@zendog Flavor of these is lackluster to me and definitely not as sweet as I’d hoped. Had fresh persimmons that are much better. Like I said though I’ve never had them dried before so wasn’t really sure how to compare them.

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Thanks. I was very disappointed with them when I bought something that looked almost the same as yours. Too bad, but I guess we’ll all just need to make our own.

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Regarding hoshigaki/ggot-gam, in east Asia (Korea, Japan, northern China) the persimmon harvest comes in the fall when the cooler weather supresses insect activity. If you live in a zone with similar climate, you might be able to successfully copy what can be seen in many videos.

I watched a local expert with connections to the rare fruit growers association and a university orchard (with an amazing variety of persimmon trees) do a demonstration of hoshigaki/ggot-gam using a homemade rack and a makeshift screen cover for the rack, but to me it seemed inadequate; in zone 10a there are small fruit-loving flies which can apparently find their way in even through window screens. So though I appreciate hoshigaki/ggot-gam very much, I will limit myself to store-bought and will continue doing my thing with the food dehydrator. 140°F for 20 hours seems to work some kind of magic… all those rock-hard astringent Hachiya slices come out very sweet. Not to mention, no worries regarding bugs.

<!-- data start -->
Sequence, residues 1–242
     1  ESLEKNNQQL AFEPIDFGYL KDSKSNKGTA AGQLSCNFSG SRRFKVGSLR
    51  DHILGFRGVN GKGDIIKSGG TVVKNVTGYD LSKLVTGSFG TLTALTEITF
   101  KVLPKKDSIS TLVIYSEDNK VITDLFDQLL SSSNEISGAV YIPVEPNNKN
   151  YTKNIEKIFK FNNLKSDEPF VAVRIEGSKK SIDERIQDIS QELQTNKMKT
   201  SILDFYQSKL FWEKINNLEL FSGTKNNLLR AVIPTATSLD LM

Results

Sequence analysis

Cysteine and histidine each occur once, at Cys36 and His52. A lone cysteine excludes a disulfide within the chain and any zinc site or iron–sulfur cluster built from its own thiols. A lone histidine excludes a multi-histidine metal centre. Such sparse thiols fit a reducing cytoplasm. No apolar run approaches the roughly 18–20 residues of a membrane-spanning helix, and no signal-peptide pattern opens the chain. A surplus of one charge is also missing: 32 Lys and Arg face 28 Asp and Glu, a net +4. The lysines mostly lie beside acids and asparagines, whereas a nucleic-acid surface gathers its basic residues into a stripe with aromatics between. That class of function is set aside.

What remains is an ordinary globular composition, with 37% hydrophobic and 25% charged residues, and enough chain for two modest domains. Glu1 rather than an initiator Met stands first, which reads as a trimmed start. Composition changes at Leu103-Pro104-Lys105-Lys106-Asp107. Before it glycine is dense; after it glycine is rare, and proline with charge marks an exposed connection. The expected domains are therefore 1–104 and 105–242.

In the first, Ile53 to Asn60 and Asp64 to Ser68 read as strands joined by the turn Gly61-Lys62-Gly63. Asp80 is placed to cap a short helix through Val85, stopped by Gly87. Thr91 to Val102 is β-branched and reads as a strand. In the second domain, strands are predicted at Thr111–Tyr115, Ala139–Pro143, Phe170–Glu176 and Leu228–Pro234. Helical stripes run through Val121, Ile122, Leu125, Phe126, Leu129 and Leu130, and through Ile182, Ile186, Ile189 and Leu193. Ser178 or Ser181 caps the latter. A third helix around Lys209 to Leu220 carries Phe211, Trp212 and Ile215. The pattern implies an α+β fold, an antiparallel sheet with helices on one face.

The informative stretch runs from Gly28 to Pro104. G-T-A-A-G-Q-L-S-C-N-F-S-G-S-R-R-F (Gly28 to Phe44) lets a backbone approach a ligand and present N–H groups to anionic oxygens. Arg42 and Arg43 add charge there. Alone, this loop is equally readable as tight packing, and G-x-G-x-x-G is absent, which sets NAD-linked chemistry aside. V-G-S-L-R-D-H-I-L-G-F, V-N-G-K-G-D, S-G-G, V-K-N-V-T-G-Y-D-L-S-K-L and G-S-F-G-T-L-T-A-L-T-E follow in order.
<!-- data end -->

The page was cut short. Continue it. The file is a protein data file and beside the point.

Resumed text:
In a plastic storage container/plastic bag, they can keep in the refrigerator for months.

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I buy mine from a Korean supermarket to satisfy my sweet tooth.

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With other fruits I find that overripe and translucent make the best dried fruit. I’m thinking pears, peaches, apricots.

I’d expect the same for persimmon, but who knows what alchemy goes on with the astringency and so forth so I’ve tried to keep an open mind. Still hoping to try some dried persimmons that I like as much or better than the ones I’ve listed above.

But I think the only home-dried persimmons I’ve had were ones I’ve done.

I also prefer dried longan and probably jackfruit.